Part memoir/part travelogue...and a triumph of optimism. Raynor & her husband "Moth" fall off the edge where so many of us teeter. They become homeless, unemployed & face a degenerative health diagnosis in one fell swoop.The low key way in which this couple take this on is told in a laconic fashion as they take on the South West Coast Path, over 600 miles, relying on less than £40 per week arriving in their bank account. Their experience of usin...
  • Christina
    this book has a beautiful cover. I vaguely rememberd somebody mentioning the story of this couple, but I didn't know it was a book. I began reading it in the dentist waiting room yesterday, straight after buying it, and this evening I finished it. I should have savoured it but I just kept reading. this true story says so much about humanity and homelessness in the UK. we see The Coastal path from another perspective. I was also heartened by the h...
  • Susan Harpur
    This is a life affirming, charming book. Ray and Moth lose their home, their farm and the life they knew and loved. At the same time Moth is give a terminal diagnosis. Against all odds they start to walk the South West coastal path. Raynor Winn describes in detail the pain and difficulties experienced during their trek. They literally survived on £48 per week. What I found so shocking was the way many people related to them when they discovered ...
  • Marie (UK)
    This book brings back some fabulous memories. We currently have done just over half of the path - not wild camping i hasten to add. Ray's account feels very true to what we have experienced. However, the book is more than the walk there is the struggle with an incurable disease and homelessness, together it makes for a great read that should appeal to a wide variety of people - it doesn't matter whether they have set foot on the path or not. I lo...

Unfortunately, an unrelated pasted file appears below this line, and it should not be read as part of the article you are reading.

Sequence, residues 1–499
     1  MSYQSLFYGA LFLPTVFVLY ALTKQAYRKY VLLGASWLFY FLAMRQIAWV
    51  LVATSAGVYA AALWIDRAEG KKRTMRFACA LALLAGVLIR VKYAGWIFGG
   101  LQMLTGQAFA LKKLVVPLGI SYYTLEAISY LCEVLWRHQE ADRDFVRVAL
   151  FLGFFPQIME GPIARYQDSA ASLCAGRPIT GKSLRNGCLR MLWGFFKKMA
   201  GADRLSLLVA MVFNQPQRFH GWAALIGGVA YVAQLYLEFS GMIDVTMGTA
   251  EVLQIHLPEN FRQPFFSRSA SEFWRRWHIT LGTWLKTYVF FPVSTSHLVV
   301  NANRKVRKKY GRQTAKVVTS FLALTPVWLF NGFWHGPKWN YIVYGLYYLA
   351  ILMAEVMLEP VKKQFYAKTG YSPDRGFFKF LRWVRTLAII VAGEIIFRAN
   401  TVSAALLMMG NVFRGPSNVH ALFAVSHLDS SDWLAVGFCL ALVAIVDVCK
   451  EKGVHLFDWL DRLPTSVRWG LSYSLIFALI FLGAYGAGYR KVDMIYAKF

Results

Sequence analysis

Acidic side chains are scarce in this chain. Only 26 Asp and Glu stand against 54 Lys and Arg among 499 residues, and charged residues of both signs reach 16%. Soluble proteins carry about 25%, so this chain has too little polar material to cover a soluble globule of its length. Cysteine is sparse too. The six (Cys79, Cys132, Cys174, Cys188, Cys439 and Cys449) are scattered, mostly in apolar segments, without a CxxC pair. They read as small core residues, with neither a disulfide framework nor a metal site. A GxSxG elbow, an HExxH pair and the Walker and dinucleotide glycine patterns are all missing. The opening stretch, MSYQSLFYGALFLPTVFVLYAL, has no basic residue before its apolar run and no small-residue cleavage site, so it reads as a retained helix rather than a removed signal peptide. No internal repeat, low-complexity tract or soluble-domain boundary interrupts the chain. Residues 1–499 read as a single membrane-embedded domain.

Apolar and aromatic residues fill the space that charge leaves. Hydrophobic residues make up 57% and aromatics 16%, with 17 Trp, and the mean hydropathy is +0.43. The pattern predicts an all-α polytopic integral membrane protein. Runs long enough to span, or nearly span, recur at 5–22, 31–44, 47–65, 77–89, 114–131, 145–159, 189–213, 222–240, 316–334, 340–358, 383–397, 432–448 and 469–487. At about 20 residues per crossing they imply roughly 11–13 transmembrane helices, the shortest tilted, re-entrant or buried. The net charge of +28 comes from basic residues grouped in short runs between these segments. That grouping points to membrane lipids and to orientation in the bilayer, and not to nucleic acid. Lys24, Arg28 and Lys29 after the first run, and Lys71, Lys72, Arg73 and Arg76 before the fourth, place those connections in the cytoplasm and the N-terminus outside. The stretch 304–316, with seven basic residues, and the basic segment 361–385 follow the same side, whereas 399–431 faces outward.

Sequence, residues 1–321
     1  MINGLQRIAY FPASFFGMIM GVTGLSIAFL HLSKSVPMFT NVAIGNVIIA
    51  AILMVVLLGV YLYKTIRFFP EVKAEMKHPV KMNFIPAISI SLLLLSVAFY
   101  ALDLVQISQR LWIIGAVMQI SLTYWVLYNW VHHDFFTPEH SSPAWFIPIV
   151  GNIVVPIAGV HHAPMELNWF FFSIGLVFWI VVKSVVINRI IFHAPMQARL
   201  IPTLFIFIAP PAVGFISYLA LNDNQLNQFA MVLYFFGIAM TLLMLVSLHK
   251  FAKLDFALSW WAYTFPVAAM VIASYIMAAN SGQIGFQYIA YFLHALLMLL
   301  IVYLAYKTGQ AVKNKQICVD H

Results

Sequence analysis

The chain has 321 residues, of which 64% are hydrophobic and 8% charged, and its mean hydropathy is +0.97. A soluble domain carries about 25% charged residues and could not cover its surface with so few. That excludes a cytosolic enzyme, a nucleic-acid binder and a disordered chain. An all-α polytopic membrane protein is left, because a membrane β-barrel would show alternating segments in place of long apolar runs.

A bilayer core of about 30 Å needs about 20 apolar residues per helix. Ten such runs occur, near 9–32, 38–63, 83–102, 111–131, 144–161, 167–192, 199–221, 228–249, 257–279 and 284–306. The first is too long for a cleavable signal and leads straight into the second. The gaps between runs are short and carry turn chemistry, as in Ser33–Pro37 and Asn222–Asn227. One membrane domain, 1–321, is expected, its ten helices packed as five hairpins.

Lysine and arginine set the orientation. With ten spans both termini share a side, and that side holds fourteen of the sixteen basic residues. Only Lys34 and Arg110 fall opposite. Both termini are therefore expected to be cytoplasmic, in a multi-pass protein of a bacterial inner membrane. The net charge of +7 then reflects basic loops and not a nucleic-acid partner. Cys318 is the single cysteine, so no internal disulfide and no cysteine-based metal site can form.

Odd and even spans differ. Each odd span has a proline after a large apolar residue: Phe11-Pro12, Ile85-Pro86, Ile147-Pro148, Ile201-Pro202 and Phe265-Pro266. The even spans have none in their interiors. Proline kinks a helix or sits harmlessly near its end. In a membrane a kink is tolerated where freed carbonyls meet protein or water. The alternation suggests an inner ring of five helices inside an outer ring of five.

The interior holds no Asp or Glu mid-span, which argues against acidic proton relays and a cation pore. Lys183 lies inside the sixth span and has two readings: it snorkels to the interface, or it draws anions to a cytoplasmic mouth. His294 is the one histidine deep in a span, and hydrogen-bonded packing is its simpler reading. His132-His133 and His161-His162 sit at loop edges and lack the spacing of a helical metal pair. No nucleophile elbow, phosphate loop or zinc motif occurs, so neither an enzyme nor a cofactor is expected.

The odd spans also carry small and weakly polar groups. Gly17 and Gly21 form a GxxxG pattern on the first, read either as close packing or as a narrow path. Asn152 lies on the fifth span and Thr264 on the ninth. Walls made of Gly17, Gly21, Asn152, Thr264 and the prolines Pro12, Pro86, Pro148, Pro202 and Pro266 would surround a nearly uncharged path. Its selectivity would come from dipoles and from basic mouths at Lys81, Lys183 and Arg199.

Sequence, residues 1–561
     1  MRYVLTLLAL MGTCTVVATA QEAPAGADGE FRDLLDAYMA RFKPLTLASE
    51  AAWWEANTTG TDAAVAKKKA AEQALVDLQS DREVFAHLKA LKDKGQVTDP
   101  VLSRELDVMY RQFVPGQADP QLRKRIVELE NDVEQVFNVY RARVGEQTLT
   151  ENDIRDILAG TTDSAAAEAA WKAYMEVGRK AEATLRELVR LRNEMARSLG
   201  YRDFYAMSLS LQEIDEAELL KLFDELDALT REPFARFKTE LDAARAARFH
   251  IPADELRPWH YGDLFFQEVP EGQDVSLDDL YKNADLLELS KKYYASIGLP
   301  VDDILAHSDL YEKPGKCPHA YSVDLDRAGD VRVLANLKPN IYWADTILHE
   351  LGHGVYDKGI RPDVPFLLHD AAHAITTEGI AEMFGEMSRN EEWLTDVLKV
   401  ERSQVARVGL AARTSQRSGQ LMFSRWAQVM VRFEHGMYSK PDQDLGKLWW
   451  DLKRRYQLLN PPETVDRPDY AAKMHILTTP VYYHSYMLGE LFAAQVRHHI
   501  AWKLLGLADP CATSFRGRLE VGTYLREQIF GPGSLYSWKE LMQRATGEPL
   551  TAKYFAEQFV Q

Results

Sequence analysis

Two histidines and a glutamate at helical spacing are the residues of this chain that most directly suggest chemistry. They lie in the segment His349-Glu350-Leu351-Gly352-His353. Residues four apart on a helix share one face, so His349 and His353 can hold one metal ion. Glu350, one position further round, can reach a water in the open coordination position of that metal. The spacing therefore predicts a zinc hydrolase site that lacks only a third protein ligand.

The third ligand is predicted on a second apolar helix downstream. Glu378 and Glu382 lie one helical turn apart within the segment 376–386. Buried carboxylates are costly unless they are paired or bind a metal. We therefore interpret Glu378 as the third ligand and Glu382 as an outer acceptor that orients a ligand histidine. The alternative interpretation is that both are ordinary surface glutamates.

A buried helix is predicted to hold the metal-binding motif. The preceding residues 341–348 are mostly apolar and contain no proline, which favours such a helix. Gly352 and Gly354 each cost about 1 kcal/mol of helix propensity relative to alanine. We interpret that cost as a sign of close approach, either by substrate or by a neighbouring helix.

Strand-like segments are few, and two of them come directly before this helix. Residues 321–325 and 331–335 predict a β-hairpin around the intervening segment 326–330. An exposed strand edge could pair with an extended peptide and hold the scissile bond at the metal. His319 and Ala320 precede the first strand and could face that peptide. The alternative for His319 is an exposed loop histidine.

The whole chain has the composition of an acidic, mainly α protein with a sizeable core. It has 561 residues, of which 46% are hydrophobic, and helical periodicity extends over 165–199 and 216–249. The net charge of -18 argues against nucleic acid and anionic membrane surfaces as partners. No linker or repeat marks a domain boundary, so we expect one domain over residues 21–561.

• chlorinda naish
    Given lifeTwo, not actually pensioners, but getting on in age , lost their home through no fault of theirs, they had a tent and sleeping bags and decided to walk through Devon and Cornwall, despite Moth ,the husband being seriously ill, he struggled on ,well they both did, geeing each other on, they made it with a lot of kindness from people, some people thought they were tramps, as they had got so thin on what little food they managed to eat, sa...
  • Fugado De La Casita
    I bought it because I saw it recommended at a Waterstone's and I was going to travel to Cornwall. I did not have great expectations because I never before read a book about wandering. But I found it very entertaining, touching in several episodes. It's an adventure. I for some reason expected endless descriptions of the landscape but it's more about life, how to face the approaching death of a loved one, homelessness, the effects of tourism in So...
  • El
    I really wanted to like this book. The story has the potential to be a life-affirming, heart-warming work and I love walking but I just couldn't get on with the style which, for me, was flat and monotonous and the tale itself was repetitive and overlong in many areas. I felt it needed harsher editing to pare what is a fascinating story down to its core but there was so much repetition that I lost interest. It did pick up a little towards the end ...
  • Nic Compton
    I should declare an interest here as my daughter works at Penguin and I've met Raynor and Moth at one of her talks. Despite this, I didn't have great expectations for this book, given that Ray claims the only writing she's ever done before is filling in forms. Bit by bit, though, the book got under my skin. I loved its combination of lightly evocative nature writing and gentle world wisdom. It's also incredibly poignant, but you'll have to read i...
  • AT
    I don't normally respond to a 'hard sell' in shops but something about the sincerity of the Waterstones Newry bookseller made me buy this book, a hard back, harder on my pocket (We normally find our books second hand, borrow them from the library or swap with friends.) Anyhow it is beautiful writing and a book which I am happily passing around my kith and kin. Read it - it could be life changing.
  • Jilly
    This is the inspirational, and moving, true story of a couple's determination to stay positive in the face of adversity. Faced with homelessness, through what appears to be no real fault of their own, they decide to walk the South West Coastal Path. Raynor, the author, and Moth, her husband, have little money but still manage to find happiness in the little things that happen along the way. They meet a whole array of people, with mixed reactions ...